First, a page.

Researchers in Japan are now testing a very small computer that can fit into the human ear.
As wearable technology explodes, particularly in the form of smartwatches, researchers in Japan are taking things a step further and are developing a tiny personal computer that a user can wear in his or her ear.
Users would control this device with a click of the tongue or a blink of the eye.
This wearable technology weighs only 17 grams and is completely wireless. It uses Bluetooth to connect with other devices and is equipped with a battery, speaker, microphone, compass, GPS, barometer, and gyro-sensor. Computing in the form of wearables is believed to be the latest thing in tech, but this latest development is easily among the smallest and most hands-free that has made its way to the headlines.
Other forms of wearable technology are notably larger, such as Google Glass, and Samsung Galaxy Gear 2.
This particular wearable technology for the ear is being called the “Earclip-type Wearable PC”, for the moment. It has microchip and data storage, which gives users the ability to load software. This, according to Kazuhiro Taniguchi, an engineer at the Hiroshima City University. The designs for the device are based on the traditional Japanese flower arrangements known as “ikebana”.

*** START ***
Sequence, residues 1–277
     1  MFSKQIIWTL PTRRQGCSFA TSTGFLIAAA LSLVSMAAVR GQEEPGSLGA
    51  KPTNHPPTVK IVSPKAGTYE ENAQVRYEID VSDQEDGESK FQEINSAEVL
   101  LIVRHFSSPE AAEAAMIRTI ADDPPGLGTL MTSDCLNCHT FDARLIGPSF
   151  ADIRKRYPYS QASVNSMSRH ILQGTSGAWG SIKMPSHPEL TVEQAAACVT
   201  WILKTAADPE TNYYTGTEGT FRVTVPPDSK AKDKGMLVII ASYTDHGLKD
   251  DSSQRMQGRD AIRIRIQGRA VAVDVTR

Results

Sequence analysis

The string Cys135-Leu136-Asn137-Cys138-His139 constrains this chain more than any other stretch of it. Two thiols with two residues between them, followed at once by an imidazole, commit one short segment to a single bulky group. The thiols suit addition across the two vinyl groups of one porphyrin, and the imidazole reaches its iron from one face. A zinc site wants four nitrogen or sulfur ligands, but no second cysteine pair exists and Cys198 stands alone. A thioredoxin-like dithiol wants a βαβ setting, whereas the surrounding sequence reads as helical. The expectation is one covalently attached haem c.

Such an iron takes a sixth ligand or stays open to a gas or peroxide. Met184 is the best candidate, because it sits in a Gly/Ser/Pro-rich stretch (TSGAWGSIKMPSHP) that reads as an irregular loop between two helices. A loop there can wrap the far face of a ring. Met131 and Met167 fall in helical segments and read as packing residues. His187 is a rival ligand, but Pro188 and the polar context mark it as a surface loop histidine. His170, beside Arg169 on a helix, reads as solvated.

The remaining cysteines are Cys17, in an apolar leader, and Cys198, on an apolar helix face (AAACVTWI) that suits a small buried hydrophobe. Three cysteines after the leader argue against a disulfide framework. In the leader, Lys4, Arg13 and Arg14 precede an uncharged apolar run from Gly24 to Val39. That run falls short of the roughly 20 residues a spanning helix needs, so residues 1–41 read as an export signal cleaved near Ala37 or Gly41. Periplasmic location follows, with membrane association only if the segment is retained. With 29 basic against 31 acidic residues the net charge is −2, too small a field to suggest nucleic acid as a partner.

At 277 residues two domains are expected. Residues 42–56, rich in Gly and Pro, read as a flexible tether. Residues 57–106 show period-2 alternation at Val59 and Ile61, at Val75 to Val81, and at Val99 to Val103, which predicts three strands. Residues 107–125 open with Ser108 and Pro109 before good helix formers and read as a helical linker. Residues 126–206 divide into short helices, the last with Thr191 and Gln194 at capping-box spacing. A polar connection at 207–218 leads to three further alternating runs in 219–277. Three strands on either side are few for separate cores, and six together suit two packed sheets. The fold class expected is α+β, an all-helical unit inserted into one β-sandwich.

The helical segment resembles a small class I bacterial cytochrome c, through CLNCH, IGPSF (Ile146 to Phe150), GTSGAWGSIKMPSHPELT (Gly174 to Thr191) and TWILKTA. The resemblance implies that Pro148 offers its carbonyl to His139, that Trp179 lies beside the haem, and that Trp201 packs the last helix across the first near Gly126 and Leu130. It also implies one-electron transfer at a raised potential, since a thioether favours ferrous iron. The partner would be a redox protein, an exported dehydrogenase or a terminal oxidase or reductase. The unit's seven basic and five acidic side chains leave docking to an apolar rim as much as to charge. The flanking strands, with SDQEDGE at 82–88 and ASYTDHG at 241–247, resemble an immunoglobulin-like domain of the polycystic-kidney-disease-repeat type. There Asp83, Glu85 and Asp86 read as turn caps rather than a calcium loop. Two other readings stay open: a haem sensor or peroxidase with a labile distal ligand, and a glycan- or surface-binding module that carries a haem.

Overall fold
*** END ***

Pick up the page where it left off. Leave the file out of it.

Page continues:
Taniguchi explained that the team of mobile developers created the device so that people would be able to think of wearing it in the same way that they would think about wearing earrings. The prototype for the gadget was demonstrated in black and had an overall comparable look to the sports style earbuds that wrap around the ear, or a single ear telephone headset.
The researchers are working to have this wearable technology ready by the holiday shopping season in 2015. At that time, users will be able to connect the device to their mobile devices such as an iPod or other gadgets that allow the user to navigate through various apps. All the user will need to do is change his or her facial expression, such as through a nose wiggle, a tongue movement, a raised brow, or even clenched teeth. Within the device inside the ear, infrared sensors detect the facial movements and respond accordingly.
About Julie Campbell: With a solid background in writing and translation Julie has built her career on digging up fascinating and hard-hitting news stories. For over a decade, she has focused on the impact of technology on the world of commerce and has taken a specific interest in emerging mobile channels.
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